By The United Nations
A Healing Arts story in collaboration with Yazda, Community Jameel and CULTURUNNERS
Survivors Photographing a Traditional Yazidi Bracelet Maker (21th Century) by YazdaThe United Nations
In brave defiance of the 2014 genocide perpetrated by Da'esh, Yazidi women of different generations have come together to reclaim and revive at-risk cultural practices to preserve their heritage.
The deliberate destruction of cultural heritage is a war crime according to international law.
Survivors Photographing the Deq Tattooing Process (21th Century) by YazdaThe United Nations
Sustaining traditional cultural practices is important to survivors, and those who remain displaced and living in camps, as a pillar of the cultural identity and link to their lives before the genocide.
The creators of this exhibition are passionate about preserving and protecting Yazidi Cultural traditions, especially those passed on from mother to daughter across generations.
Following a course of photography workshops, the participants embarked on a series of field trips to record the at-risk cultural traditions practiced by the elder women in the community.
Clockwise from top left: Elham, Suham, Zina and Enas.
Dazik (Bracelet) Making
Dazik, Yazidi traditional handmade bracelets, are a combination of spinning two strings of sheep’s wool, each separately, dyeing one of them in white, and the other in red; then spinning them together with the use of Tashi to get a single string of white and red combined. Yazidis wear Dazik around the neck or wrist.
“When we returned from captivity we wanted to protect our culture. Da'esh tried to exterminate our religion, our traditions and our customs. In response, we will keep preserving our culture, and show it to a new generation, so it will not be lost.”
Deq Tattoo on an Traditional Yazidi Tattoist (21th Century) by YazdaThe United Nations
Traditionally, Yazidi women would tattoo designs – most often dots – on their faces and hands. These unique markings are sometimes known as 'Deq' Tattoos.
Within a philosophy grounded in nature, Deq tattoos were believed to relieve pain and inflammation and were especially common in Sinjar, the homeland of the Yazidi people.
My name is Na’am Qasim Khalaf...
“I used to love making tattoos. I started making tattoos when I was 15 years old. After Da'esh besieged Sinjar in 2014, my family fled to the Khanki IDP (Internally Displaced People) camp in Kurdistan and I stopped making tattoos.”
Common tattoo symbols among Yazidis include the Moon (both full or crescent), the cross, a wool comb (used to symbolize beauty), a gazelle, an animal called daqqayeh, a sandgrouse foot, a doll, a spindle, an inverted 'v' called res daqq, a dimlich (figure which looks like a bag with two strings) and combinations of dots. A single dot is said to draw pain away from injuries and a dot on the end of a woman’s nose is said to help with fertility.
Deq Tattoo Ink (21th Century) by Kamira MahmoodThe United Nations
Deq Tattooing Process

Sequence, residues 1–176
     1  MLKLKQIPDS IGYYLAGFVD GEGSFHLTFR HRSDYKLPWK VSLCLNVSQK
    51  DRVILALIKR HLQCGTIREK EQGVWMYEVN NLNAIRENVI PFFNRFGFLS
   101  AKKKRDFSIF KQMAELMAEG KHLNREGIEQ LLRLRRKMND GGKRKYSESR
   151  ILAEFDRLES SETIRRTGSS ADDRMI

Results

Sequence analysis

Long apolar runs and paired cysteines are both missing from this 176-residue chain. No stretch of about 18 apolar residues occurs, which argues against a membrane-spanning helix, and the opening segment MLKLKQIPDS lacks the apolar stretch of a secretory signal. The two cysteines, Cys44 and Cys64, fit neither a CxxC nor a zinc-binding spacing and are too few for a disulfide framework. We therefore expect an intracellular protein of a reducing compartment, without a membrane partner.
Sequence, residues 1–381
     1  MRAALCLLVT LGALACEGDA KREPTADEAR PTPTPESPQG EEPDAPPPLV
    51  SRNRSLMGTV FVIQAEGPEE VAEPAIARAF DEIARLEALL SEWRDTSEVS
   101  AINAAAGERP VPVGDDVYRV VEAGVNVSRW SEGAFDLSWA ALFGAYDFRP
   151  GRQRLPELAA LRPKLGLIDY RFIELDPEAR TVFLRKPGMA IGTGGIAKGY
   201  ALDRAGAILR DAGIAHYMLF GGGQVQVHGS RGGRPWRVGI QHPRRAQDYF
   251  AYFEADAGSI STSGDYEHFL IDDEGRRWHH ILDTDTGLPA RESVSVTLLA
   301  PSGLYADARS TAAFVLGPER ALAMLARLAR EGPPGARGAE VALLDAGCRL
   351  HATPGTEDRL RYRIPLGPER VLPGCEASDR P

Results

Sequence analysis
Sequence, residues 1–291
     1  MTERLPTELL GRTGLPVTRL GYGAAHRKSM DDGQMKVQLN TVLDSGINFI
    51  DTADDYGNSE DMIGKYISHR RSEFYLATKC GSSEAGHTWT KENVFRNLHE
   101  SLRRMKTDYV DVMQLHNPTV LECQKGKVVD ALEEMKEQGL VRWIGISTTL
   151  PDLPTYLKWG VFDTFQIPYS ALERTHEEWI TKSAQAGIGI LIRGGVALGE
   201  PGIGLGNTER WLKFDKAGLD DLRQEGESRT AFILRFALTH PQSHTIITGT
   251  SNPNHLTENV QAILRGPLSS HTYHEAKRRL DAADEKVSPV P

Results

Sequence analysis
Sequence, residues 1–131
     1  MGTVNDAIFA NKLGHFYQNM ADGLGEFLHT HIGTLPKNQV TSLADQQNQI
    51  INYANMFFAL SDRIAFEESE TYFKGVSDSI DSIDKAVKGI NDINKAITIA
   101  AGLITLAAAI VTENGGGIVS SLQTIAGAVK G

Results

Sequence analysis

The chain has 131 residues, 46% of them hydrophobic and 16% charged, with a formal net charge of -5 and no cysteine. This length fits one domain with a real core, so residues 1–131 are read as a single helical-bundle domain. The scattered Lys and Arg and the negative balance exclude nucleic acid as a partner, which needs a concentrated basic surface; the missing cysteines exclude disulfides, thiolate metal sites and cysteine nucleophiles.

Deq Tattoo ink is traditionally made from a mixture of ash, milk and water.
“That summer night in August 2014 changed my life, and the life of my region and its children forever. Da'esh attacked us and I was one of the thousands of Yazidi women and girls at their hands. I stayed for five years in captivity in Syria and found hope when I saw a butterfly flying. When I look at our names together now, I feel that she is close to me and it makes me strong."
"When God gave me the grace to return to my family, I decided to tattoo a butterfly on my hand. I love that free butterfly that did not harm any creature.”
"Ten years ago, I had a best friend named Manal and we decided one day to tattoo each other’s names on our hands as a memory. One day Manal disappeared and I have not found any information where she is. Only our tattoos remain."
Commemorative Tattoo (21th Century) by YazdaThe United Nations
"When I look at our names together now, I feel that she is close to me and it makes me strong."
"My sister has a tattoo of her husband’s name. When in captivity, Da'esh forced her to remove it. She told her captor that while they could remove him from her skin, they could not remove him from her heart.”
Haider Elias, Co-Founder & President, Yazda
"Our culture is our identity; preserving it is crucial to our hearts and souls as a community. This digital archive created by the survivors serves as moral support for those of us who have been traumatized and experienced a deep panic of losing our roots and culture."
Nils Fietje, Technical Officer, WHO European Region
"Research shows that both active and passive engagement with the arts can support the mental well-being of people who have been forcibly displaced. That’s because arts activities can improve self-confidence, promote social inclusion, and help to preserve personal identity."
Stories of Thread & Ink is a 'Yazidi Cultural Archive' story created by Saadia Saeed Talal, Renas Elias Hussein, Kamira Mahmood Hussien, Aamira Hussien Ali, Suham Sulaiman Hussien, Elham Dakheel Ali, Enas Qasso and Zina Ibrahim Murad. It is presented by Healing Arts under the auspices of the World Health Organisation (WHO) and produced by CULTURUNNERS and Community Jameel in collaboration with Yazda, Open Mind Project, Blessed Foundation and the Office of the UN Secretary-General’s Envoy on Technology.
An evaluation of the impact of the archives on the psychological wellbeing of participants is being support from Arts + Health @ NYU and the WHO Arts and Health program.
Special thanks to Nobody's Listening.
All images courtesy of the artists and Yazda.